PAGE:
An ordinary-looking shipping container at Australia’s Mawson research station plays an important role in the global network that polices a ban on nuclear testing.

Inside is a high-volume air sampler, one of 80 world-wide, running every day since 2013 to ‘sniff’ the wind for traces of radioactive debris.

The air sampler at Mawson is part of the international monitoring system for the Comprehensive Nuclear-Test-Ban Treaty (CTBT), which aims to ensure that no nuclear explosion goes undetected.

The Australian Radiation Protection and Nuclear Safety Agency (ARPANSA) is responsible for 9 of the 21 monitoring stations within Australia and its territories.

Three are in Antarctica — Mawson research station monitors radionuclides in the atmosphere and seismic vibrations in the earth’s crust, and an infrasound facility near Davis research station uses acoustic pressure sensors to detect very low-frequency sound waves in the atmosphere.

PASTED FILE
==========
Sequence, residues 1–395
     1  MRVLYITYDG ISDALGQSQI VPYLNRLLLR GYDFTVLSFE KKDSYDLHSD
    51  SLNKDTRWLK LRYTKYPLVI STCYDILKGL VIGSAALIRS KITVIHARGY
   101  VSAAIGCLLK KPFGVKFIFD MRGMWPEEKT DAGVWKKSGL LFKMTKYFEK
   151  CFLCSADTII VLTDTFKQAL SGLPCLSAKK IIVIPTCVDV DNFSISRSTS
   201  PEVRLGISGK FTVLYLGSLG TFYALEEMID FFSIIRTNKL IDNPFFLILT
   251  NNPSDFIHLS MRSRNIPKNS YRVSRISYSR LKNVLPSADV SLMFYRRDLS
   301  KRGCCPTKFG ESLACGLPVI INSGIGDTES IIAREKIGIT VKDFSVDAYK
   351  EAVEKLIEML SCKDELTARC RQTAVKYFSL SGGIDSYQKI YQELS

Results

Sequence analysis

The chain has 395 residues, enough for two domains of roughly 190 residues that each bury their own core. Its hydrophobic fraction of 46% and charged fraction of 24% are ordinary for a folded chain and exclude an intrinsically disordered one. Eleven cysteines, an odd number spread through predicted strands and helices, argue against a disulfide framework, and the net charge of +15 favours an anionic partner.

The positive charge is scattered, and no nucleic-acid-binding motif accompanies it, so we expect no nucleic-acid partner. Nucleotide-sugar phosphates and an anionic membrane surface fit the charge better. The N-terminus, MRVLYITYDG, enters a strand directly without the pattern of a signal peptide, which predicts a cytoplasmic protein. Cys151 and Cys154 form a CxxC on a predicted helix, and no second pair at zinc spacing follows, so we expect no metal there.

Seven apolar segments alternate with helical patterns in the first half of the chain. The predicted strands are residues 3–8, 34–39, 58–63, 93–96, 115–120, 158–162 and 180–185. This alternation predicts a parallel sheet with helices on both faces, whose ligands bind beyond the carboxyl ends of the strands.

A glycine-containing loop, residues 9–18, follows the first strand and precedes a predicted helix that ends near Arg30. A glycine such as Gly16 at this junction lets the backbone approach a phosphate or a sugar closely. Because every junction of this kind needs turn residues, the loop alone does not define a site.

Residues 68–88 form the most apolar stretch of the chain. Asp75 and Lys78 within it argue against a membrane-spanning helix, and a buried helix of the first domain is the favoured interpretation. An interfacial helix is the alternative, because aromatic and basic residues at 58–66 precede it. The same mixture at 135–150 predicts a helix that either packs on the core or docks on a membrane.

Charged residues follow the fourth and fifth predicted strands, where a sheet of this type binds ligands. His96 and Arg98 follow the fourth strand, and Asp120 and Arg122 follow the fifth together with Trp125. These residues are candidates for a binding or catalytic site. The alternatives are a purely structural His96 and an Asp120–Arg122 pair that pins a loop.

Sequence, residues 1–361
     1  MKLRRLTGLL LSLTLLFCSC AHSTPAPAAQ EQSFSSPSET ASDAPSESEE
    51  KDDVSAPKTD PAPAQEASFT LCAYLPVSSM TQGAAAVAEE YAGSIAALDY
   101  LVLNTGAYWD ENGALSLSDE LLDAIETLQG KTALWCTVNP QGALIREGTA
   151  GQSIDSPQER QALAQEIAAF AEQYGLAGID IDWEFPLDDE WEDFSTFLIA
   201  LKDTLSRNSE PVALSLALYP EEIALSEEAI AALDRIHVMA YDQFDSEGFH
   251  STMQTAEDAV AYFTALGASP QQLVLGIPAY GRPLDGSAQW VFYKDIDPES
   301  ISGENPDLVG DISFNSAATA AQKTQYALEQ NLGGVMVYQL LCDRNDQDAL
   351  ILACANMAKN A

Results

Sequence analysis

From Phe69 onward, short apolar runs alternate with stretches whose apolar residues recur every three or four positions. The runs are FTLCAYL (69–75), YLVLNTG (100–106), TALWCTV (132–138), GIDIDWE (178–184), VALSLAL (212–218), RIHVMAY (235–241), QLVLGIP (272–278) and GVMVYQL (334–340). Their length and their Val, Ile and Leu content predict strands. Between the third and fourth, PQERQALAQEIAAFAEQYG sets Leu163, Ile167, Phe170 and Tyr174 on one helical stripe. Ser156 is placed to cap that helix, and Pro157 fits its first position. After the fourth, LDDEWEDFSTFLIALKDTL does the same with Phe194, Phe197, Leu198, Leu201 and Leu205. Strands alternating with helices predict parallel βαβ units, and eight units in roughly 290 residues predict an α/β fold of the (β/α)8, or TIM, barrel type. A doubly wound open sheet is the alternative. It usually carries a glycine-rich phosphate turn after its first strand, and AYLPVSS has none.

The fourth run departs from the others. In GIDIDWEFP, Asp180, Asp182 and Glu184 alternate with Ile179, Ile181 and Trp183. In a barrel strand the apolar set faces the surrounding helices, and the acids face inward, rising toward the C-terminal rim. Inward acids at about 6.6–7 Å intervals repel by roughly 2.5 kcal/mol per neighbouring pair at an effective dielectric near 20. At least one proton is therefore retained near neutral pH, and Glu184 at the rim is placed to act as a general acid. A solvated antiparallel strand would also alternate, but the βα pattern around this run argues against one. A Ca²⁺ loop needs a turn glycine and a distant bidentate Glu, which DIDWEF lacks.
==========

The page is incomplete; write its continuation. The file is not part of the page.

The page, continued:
A radionuclide is an atom with an unstable nucleus that loses its excess energy by emitting radiation in the form of particles or electromagnetic waves. All chemical elements can exist as radionuclides. They occur naturally or can be produced artificially by nuclear reactors, particle accelerators, or nuclear explosions.

Recently ARPANSA officers Sandra Sdraulig and Stu Henderson travelled to Mawson research station with the Australian Antarctic Program to support monitoring activities there.

ARPANSA relies on the assistance of AAD expeditioners — in 2019 at Mawson, for example, Deputy Station Leader Dave Davies and Station Leader Kyle Williams — to run the sampling process throughout the year.

Visit the ARPANSA website to learn more about the technologies used by the CTBT International Monitoring System.

An interactive map from the CTBT shows the CTBT status of nations, the international monitoring system, and locations of nuclear explosions.